In 1964, the Sanders Printing Corporation invited SVA’s graduating class to produce its periodic promotional publication, Folio. In an insert, Seymour Sanders jovially noted that some of his friends were concerned that an issue designed by art students was bound to be a fiasco. Of course, he was delighted that Folio 8 turned out to be “as distinguished and professional as any of the earlier issues.” But he got down to business on the back cover, lobbing his grenade in the Great Paper Company Wars of the 60s.
Sanders’ overconfident ad talk contrasts nicely with an essay in Folio 8 entitled “Industry’s Responsibility to the Gifted” by SVA founder Silas H. Rhodes, who took the opportunity to present a serious-minded argument in favor of art education that is both practical and demanding. SVA was founded as a trade school in 1947 and as its mission expanded Rhodes decried the fact that art schools were so eager “to avoid the stigma of vocationalism, [they] ignore[d] the problem of livelihood. No one has ever suggested that at Harvard the preparation of ministers for the ministry or stock brokers for the stock exchange is illiberal or vocational.” Needless to say, “Art school” and “vocationalism” are generally not uttered in the same breath any more.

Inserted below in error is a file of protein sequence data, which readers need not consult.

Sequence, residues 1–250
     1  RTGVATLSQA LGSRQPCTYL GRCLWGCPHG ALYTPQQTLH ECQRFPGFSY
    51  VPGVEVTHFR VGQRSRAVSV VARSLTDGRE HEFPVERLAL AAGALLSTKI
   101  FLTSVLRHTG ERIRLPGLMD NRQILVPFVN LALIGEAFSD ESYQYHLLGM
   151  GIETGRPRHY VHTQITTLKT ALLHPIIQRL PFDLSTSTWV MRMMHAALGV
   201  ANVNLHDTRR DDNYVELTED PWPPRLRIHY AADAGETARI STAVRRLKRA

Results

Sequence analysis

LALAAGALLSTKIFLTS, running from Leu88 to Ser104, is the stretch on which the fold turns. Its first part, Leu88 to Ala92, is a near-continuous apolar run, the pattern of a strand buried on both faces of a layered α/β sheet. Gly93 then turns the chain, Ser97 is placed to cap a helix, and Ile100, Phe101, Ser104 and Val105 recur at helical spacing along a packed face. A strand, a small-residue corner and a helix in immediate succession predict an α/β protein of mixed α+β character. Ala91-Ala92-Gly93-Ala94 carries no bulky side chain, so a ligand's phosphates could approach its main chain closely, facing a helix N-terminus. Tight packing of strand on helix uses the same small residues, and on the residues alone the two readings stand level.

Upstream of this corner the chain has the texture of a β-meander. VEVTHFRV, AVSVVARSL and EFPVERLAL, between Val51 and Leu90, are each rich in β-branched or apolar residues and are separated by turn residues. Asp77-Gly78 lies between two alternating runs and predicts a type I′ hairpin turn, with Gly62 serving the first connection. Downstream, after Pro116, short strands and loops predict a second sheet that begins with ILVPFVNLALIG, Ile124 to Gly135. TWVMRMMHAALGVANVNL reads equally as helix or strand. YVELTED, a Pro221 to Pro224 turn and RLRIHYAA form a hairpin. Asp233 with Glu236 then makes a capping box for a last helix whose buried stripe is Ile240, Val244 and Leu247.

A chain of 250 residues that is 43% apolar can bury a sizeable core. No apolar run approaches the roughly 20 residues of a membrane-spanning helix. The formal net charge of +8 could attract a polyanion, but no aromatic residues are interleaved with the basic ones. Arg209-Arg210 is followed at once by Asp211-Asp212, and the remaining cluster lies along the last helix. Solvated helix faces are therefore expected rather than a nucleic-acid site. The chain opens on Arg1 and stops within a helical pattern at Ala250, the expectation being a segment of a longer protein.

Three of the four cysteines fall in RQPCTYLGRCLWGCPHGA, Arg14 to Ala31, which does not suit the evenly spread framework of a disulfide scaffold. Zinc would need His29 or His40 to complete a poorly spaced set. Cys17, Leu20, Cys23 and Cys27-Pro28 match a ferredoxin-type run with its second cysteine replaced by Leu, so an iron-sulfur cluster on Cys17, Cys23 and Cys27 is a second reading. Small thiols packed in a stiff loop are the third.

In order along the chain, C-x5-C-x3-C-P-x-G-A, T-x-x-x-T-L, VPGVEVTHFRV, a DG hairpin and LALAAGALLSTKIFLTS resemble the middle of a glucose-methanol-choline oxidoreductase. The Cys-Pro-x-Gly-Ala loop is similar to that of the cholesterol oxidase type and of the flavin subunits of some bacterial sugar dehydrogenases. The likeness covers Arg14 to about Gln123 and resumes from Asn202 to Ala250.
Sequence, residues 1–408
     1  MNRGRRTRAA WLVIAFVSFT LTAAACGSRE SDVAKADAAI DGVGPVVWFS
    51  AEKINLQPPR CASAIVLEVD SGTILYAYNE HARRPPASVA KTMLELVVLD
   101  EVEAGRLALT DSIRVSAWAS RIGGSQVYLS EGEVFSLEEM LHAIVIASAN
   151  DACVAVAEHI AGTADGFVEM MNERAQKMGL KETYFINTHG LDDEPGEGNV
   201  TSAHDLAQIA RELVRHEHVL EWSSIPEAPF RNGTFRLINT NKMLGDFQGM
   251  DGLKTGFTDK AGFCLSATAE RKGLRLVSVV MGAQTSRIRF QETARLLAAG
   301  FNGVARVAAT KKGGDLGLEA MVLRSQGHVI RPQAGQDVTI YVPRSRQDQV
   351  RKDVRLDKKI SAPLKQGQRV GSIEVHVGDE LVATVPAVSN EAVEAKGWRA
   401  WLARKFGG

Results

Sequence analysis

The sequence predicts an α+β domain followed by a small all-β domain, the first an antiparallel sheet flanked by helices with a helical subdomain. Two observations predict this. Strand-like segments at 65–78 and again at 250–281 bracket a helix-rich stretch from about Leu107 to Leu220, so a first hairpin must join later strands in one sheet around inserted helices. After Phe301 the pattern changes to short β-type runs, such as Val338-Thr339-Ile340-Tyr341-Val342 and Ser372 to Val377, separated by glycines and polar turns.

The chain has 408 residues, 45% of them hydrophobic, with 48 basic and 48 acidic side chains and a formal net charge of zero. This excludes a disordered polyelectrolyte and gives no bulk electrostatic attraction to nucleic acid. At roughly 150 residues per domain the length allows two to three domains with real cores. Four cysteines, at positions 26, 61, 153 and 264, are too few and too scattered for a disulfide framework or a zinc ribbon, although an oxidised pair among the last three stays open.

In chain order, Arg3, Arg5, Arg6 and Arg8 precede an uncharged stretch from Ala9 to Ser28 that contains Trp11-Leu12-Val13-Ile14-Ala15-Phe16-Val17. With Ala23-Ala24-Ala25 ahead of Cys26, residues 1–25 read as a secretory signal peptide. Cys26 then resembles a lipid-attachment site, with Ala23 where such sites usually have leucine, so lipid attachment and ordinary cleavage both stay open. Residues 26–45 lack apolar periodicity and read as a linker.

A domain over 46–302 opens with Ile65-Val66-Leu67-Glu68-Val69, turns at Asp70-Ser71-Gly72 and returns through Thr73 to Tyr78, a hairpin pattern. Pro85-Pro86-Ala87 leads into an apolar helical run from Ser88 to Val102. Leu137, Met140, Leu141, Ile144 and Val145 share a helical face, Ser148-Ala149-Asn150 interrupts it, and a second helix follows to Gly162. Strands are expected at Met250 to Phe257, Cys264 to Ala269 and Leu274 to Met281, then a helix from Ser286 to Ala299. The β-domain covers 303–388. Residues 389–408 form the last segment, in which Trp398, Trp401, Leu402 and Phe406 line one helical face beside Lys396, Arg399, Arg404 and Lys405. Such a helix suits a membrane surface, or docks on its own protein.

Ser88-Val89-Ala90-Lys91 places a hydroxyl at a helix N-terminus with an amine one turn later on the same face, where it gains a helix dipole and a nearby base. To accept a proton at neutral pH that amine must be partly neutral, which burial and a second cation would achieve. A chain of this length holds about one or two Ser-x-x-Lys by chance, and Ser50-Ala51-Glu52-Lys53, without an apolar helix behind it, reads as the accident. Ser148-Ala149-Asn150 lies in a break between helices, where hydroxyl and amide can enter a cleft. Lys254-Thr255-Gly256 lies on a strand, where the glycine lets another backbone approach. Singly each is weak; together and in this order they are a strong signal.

In any case, Folio 8 is indeed exemplary. George Tscherny and Louis Donato served as faculty advisors and Tscherny’s influence is evident. The illustration portion reflects the impact of instructors like Robert Weaver and Phil Hays.
This post also appears on our Picturebox blog.